Also, the magazine's editor, David Remnick, was defending the cover on the radio this morning, and didn't try to hide the fact that the cartoon really has only one target, President Joe Biden, and the "age issue" that somehow attaches to him alone, though he's clearly the healthiest of the pictured persons, and the most effective president since Harry Truman at least, in every department, including some I could wish he wasn't so good at (does he have to work so hard at creating a Middle East condominium between Saudi Arabia and Israel?). It's "out there, it's our job to cover it," Remnick said, or words to that effect, like a latter-day Cokie Roberts, citing the polls that show it's a "concern" even when they don't (every poll that shows Biden at around 46% is now interpreted as a comment on Biden's age, even though that's not one of the questions addressed). When the interviewer mentioned that Barack Obama had the same kind of poll numbers at this point in the 2012 campaign, he hemmed and hawed and said that was influenced by different factors, which is no doubt true. So what does that prove?

Remnick also talked a lot about the gerontocracy of the dying Soviet Union, which he witnessed up close as a reporter, without drawing the obvious inferences from the fact that those leaders much more sick than old (Brezhnev, the king of stagnation, was broken in health when he died in office at 75; Andropov was just 70; Chernenko left office at 72 and died the following year, while 54-year-old Mikhail Gorbachev began overseeing the country's dissolution brought on by their mistakes; Boris Yeltsin was 60 and already suffering from heart disease and alcoholism when he became president of Russia). Why not mention West Germany's Konrad Adenauer, proudly known as "der Alte" (the old one), who spearheaded his country's Wirtschaftswunder (economic miracle) and the invention of the European Union, and stayed on as Chancellor until he was 86, sufficiently on his toes to continue as party leader, watching over his successors, for another four years after that?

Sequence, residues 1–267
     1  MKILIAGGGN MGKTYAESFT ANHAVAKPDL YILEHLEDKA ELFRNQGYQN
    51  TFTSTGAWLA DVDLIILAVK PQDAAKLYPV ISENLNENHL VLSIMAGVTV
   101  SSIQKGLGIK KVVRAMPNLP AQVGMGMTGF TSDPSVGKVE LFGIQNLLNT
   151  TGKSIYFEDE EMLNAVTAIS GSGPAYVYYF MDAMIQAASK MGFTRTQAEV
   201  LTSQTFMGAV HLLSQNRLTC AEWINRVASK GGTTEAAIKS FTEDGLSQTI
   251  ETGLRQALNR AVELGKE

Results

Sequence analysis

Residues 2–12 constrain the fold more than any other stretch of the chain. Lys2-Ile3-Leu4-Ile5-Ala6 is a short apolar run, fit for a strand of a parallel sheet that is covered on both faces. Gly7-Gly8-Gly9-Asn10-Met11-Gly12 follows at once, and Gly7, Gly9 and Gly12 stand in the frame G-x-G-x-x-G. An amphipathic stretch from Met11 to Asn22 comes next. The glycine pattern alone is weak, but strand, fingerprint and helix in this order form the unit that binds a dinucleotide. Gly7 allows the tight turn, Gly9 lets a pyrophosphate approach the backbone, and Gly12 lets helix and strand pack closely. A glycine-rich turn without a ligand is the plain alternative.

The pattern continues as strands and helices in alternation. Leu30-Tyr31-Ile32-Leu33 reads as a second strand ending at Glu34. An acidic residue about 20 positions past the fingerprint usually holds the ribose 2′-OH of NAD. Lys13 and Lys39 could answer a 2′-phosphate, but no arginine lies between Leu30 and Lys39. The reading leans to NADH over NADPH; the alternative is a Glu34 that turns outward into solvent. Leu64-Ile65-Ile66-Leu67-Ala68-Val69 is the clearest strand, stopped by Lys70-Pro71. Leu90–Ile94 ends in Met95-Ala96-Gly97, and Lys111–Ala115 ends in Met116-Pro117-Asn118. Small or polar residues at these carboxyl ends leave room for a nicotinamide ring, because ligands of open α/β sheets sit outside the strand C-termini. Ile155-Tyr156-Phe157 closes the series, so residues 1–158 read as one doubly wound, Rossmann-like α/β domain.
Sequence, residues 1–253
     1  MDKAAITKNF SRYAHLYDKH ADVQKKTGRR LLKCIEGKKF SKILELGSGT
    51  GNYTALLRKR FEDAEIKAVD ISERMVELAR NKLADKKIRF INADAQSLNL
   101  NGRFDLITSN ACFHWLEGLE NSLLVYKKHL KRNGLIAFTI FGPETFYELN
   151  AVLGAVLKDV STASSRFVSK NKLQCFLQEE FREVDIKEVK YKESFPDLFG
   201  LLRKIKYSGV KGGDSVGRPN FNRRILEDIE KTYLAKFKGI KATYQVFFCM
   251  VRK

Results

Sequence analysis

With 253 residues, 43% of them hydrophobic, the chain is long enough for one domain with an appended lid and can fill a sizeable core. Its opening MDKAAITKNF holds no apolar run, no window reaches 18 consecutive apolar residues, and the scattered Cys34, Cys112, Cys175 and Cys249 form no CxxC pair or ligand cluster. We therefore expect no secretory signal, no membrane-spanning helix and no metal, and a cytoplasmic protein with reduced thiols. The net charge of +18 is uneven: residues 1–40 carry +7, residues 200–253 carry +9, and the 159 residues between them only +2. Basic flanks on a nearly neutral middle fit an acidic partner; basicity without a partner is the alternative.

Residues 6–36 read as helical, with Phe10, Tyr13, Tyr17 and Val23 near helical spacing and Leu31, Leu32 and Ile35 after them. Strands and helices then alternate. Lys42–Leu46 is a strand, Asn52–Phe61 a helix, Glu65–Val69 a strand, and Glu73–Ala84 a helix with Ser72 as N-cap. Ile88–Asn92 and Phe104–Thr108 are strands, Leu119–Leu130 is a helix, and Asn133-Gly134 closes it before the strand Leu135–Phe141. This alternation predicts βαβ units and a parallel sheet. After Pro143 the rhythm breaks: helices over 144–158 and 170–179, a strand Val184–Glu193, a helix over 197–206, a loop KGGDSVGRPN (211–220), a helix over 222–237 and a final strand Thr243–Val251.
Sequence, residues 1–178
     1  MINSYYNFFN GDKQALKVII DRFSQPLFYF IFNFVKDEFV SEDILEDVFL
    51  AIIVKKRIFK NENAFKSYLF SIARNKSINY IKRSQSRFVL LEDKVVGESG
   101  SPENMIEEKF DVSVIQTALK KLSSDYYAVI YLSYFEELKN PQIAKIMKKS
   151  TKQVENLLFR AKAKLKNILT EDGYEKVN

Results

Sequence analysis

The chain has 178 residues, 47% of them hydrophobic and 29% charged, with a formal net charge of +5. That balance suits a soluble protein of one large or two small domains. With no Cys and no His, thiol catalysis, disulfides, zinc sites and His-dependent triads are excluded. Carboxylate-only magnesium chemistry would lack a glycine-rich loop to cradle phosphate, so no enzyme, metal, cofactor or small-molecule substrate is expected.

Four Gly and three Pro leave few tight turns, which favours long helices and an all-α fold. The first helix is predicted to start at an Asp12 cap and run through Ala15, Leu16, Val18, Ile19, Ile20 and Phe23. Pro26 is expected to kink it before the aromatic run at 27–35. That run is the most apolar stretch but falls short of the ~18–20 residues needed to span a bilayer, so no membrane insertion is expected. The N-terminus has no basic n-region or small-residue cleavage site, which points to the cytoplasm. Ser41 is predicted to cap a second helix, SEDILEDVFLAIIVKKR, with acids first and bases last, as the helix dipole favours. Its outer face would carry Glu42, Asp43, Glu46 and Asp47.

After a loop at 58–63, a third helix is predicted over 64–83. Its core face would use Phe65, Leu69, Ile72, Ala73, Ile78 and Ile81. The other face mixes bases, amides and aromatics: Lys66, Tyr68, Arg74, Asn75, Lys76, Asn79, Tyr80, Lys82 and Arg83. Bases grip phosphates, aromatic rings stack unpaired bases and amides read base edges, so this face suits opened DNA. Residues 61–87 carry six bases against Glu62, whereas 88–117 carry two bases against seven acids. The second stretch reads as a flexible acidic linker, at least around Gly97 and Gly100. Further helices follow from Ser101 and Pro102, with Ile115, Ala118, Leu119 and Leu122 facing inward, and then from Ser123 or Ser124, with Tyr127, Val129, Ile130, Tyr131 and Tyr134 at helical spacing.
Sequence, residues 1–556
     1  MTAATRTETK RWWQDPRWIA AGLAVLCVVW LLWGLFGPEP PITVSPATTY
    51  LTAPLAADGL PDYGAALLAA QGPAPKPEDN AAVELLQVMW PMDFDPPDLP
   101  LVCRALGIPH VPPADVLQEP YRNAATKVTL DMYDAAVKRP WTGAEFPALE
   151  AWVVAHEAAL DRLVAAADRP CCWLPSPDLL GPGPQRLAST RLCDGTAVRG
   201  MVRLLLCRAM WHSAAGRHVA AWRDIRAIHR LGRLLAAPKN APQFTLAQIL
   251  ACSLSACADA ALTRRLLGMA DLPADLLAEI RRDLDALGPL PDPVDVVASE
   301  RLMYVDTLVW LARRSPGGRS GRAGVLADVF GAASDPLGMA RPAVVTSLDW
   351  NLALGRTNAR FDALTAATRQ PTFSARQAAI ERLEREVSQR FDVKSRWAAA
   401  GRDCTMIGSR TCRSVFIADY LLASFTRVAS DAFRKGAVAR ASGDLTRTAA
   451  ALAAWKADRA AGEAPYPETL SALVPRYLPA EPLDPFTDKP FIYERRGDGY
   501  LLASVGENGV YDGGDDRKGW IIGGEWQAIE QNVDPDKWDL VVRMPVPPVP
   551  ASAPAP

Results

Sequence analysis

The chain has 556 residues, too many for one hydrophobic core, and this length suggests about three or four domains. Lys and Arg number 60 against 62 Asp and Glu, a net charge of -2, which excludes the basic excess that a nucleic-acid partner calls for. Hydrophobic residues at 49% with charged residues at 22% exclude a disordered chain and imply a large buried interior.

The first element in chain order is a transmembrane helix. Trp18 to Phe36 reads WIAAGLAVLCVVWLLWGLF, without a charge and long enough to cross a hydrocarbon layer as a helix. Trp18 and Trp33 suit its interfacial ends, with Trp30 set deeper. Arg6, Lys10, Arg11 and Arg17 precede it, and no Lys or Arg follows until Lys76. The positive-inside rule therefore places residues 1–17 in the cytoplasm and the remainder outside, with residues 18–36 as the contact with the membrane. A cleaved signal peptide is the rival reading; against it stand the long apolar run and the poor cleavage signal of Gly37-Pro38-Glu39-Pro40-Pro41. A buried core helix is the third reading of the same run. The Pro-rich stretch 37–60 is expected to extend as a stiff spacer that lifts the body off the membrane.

Just stop it, OK? 

Josh Marshall blames it on Trump terror—the fear that he might win makes people crazy

This is the moment we live in in the history of the American republic, a man who talks like a character out of a dystopian novel about the end of America is the choice of about half of Americans to be the next President.


The prospect is so horrible and terrifying that virtually everyone looks for someone else to lash out at or blame. It’s Joe Biden’s age; it’s Democrats’ ineffectiveness; it’s this or that other thing.

and maybe it is that, but it keeps looking to me like an effort to make Democrats lose, by saddling us with an unneeded candidate, Gavin Newsom or Gretchen Whitmer, or maybe replace Vice President Harris with some candidate more appealing to the Times op-ed page, thus breaking up the 2020 coalition. Not that that's going to happen (Newsom in particular has made it clear), but it keeps making the party's situation look more and more discouraging, and it's starting to drive the polls into self-fulfilling prophecy mode.